The Hydra (cut one head off, two grow in its place) Divergence scenario appears, however, when you use WordPress Multisite to create that same ecosystem of fish sites only as sub-domains within your multisite network. These sites may never exist as their own little fish sites, but if there is a possibility that they might, you have just started mutating your network into a new monster. The migration of fish sites from within the monster is not a simple task. The Monster Sites that can use the Hydra to some advantage are those that develop demonstration sites, or use multisite to experiment with new theme designs. These configurations can exist as a multitude of sub-domains and one-off installations. They will most likely be switched off and turned into chum at some point, never needing attention beyond their brief usefulness. But if you know that a site will eventually need to be removed from your multisite network, you are better off creating a Single Site fish. For once it has become one of the many heads of the monster, cutting it off is somewhat of a Herculean feat.

So what do you do if you really need to remove a site from the Hydra Divergence? The first thing you should always do is make a back up of everything, including the database. Anytime you attempt a migration, you should make a clean backup to save you from scuttling your site on the rocks of a mistake. Fortunately, the good news is that WordPress Multisite (just like in WordPress Single Site) has a built in export function for packaging up site-specific content so that you can import it into a new installation. However, the bad news is it will not maintain any of your plugin or theme settings. For some themes, this is not a problem, but with others that include complex animations, it could take some time to recreate.

Additionally, the domain name that your site was mapped to within multisite is important to how your site is configured in the database. If you are keeping the same domain name, but only removing the sites from multisite, then the new Single Site installation should take your content import without issue. Unfortunately, if you are changing domain names, you will need to fix the domain name reference in your content before it will work again. The main point is to know what domain name you want first. The final step is moving code out of your Monster Site and into your new Single Site. Ideally, you want to copy the folders titled plugins into plugins, themes into themes, and the sub-folder within uploads that identifies your sub-site (e.g. ./uploads/sites/2/) into uploads. Once you have the new site working properly within its Single Site fish bowl, only then should you switch off the sub-site within your Monster.

Monster Hunting Tips:

  • Do not create Multisite sub-sites that you plan on migrating to Single Site sometime in the future.
  • Plan out your migration before you actually move anything and always make a backup of everything before you begin.
  • Always build out the Single Site before you switch off the sub-site within your Monster.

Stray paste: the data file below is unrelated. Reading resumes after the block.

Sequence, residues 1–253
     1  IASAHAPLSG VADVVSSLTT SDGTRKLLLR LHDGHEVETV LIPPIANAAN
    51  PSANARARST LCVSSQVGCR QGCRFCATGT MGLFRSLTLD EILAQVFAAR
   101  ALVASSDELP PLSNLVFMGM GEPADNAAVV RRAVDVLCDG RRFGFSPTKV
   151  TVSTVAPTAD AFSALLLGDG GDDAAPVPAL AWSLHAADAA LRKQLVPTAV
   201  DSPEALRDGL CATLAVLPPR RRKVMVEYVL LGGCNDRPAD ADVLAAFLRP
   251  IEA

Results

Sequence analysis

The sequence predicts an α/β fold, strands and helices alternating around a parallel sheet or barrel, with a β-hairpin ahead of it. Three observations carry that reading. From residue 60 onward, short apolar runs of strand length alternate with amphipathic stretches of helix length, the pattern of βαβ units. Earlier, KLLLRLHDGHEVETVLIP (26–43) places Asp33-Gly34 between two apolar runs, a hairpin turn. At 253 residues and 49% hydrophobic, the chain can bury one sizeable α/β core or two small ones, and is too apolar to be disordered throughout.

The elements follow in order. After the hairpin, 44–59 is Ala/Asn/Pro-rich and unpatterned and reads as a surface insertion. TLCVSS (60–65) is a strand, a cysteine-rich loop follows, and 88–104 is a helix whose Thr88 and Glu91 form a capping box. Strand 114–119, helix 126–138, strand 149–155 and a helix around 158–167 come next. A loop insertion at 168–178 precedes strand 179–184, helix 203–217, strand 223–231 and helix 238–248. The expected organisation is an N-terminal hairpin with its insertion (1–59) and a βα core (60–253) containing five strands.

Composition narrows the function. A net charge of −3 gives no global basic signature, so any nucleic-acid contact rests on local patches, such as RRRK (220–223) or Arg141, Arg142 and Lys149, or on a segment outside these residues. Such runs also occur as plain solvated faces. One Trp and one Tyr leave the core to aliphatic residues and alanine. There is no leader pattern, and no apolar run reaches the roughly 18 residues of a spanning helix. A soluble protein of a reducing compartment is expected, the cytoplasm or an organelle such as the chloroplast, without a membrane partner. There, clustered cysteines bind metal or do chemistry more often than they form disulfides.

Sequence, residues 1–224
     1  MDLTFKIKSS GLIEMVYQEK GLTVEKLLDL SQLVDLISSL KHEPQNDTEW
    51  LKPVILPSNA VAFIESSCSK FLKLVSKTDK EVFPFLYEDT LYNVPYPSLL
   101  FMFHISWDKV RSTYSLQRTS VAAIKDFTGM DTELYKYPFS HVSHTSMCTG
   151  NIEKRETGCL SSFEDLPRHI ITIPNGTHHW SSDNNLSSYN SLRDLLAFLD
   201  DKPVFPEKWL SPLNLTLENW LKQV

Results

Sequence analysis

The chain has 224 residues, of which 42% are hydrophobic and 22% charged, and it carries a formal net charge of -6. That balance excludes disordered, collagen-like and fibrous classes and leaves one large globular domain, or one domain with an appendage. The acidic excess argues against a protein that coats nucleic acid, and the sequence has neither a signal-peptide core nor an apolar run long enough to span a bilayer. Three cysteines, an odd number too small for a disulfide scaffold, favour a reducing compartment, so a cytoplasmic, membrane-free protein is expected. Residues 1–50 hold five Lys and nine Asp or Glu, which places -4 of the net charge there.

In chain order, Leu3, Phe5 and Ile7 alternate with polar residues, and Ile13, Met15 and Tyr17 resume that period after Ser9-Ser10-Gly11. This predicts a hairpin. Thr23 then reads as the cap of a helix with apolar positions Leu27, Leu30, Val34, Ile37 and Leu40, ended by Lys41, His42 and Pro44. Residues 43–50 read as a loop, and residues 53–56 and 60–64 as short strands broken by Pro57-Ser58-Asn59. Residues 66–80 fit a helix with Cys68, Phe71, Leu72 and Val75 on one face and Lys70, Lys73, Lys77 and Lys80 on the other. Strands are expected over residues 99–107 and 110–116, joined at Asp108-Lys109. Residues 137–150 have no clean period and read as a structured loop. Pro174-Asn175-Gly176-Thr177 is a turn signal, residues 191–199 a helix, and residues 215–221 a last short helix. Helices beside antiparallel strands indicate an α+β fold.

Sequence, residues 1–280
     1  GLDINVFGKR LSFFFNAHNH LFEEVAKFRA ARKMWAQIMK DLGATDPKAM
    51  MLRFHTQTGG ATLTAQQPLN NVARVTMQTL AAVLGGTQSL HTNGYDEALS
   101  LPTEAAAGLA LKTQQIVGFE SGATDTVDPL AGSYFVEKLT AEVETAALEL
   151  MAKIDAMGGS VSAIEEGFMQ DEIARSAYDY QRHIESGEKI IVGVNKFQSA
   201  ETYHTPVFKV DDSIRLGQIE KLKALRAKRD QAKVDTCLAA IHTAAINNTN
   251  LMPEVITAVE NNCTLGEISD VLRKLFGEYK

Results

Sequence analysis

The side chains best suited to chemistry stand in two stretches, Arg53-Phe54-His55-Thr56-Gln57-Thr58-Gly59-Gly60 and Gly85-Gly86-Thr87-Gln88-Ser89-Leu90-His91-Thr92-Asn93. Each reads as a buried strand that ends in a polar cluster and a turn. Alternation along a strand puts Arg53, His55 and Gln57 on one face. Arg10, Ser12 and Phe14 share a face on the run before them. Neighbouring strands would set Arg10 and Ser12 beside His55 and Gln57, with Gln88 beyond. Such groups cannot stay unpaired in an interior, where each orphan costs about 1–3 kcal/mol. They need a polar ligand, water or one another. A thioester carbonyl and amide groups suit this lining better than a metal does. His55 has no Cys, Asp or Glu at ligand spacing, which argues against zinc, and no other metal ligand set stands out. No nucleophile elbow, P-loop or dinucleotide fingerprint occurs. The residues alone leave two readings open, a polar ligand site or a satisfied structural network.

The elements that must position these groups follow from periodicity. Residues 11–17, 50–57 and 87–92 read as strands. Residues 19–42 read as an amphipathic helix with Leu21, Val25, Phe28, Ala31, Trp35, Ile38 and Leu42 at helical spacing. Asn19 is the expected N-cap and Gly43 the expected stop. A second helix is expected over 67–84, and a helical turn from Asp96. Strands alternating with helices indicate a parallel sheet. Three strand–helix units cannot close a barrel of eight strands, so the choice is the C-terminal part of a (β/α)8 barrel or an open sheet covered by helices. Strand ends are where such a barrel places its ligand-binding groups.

The Giant Squid Incursion

Despite the advantages a single code-base can provide you, a main disadvantage of multisite is its vulnerability to providing a successful hacker complete access to the entire multisite network for a single point-of-entry. A single, corrupt partition or database table, can also lead to a death of all the websites within your network.

Avoiding The Giant Squid Incursion: Safe Harbors Save Boats

The Giant Squid Incursion is difficult to escape once it has you in its clutches. A website hack or hardware failure is something you usually find out about after it happens. By then it’s too late to act, and all you can do is pick up the pieces and start over. But you can be proactive in keeping your multisite from getting destroyed. The first level of defense you can employ is hardening your WordPress administration login form with plugins that limit the number of failed login attempts (Login Lockdown), require two-factor authentication (Rubion), and/or block anyone coming to your site from a specific block of IP address (those known to be used by hackers) (BruteForce). Another technique is to require your administration pages to all use your server’s Secure Socket Layer (SSL) certificate. This way all passwords and user names are not sent in clear text, but are instead encrypted, making it harder for hackers to intercept.

Above all, the only true way to stop your website from being broadsided by hackers or Mr. Murphy of Murphy’s Law fame, is to make backups early and often. Nothing thwarts a successful hack like a fresh install from a weekly (or daily) backup! It is possible to even set your server to automatically backup your Monster Site so that you don’t have to. But always have a backup handy, especially when your multisite network begins to increase in size. There is no greater tragedy then to have a massive site go down only to find out that it was never backed up. Sites that sink like that, are rarely seen from again!

Monster Hunting Tips:

  • Understand that a multisite installation is vulnerable from a single point-of-entry.
  • You must harden your administration login account by reinforcing the gates through encryption, limiting login attempts, enforcing two-factor authentication, and blocking bad IP addresses from visiting.
  • Always backup. Backup early and often. Never be without a recent copy: the life you save could be your’s.

The Rhyme of the Ancient Monster Whisperer

There are many more strange creatures lurking within WordPress Multisites that can ruin your networks day. But if you consider how you will tackle the most mammoth problems using the strategies detailed above, you are well on your way to avoiding having your WordPress multisite devoured by the Monster Site it can become. Ultimately, my hope is that by approaching Multisite with a strategic eye on the long-term issues that can surface over time, you can tame your Monster Site before you have to deep-six it and start over.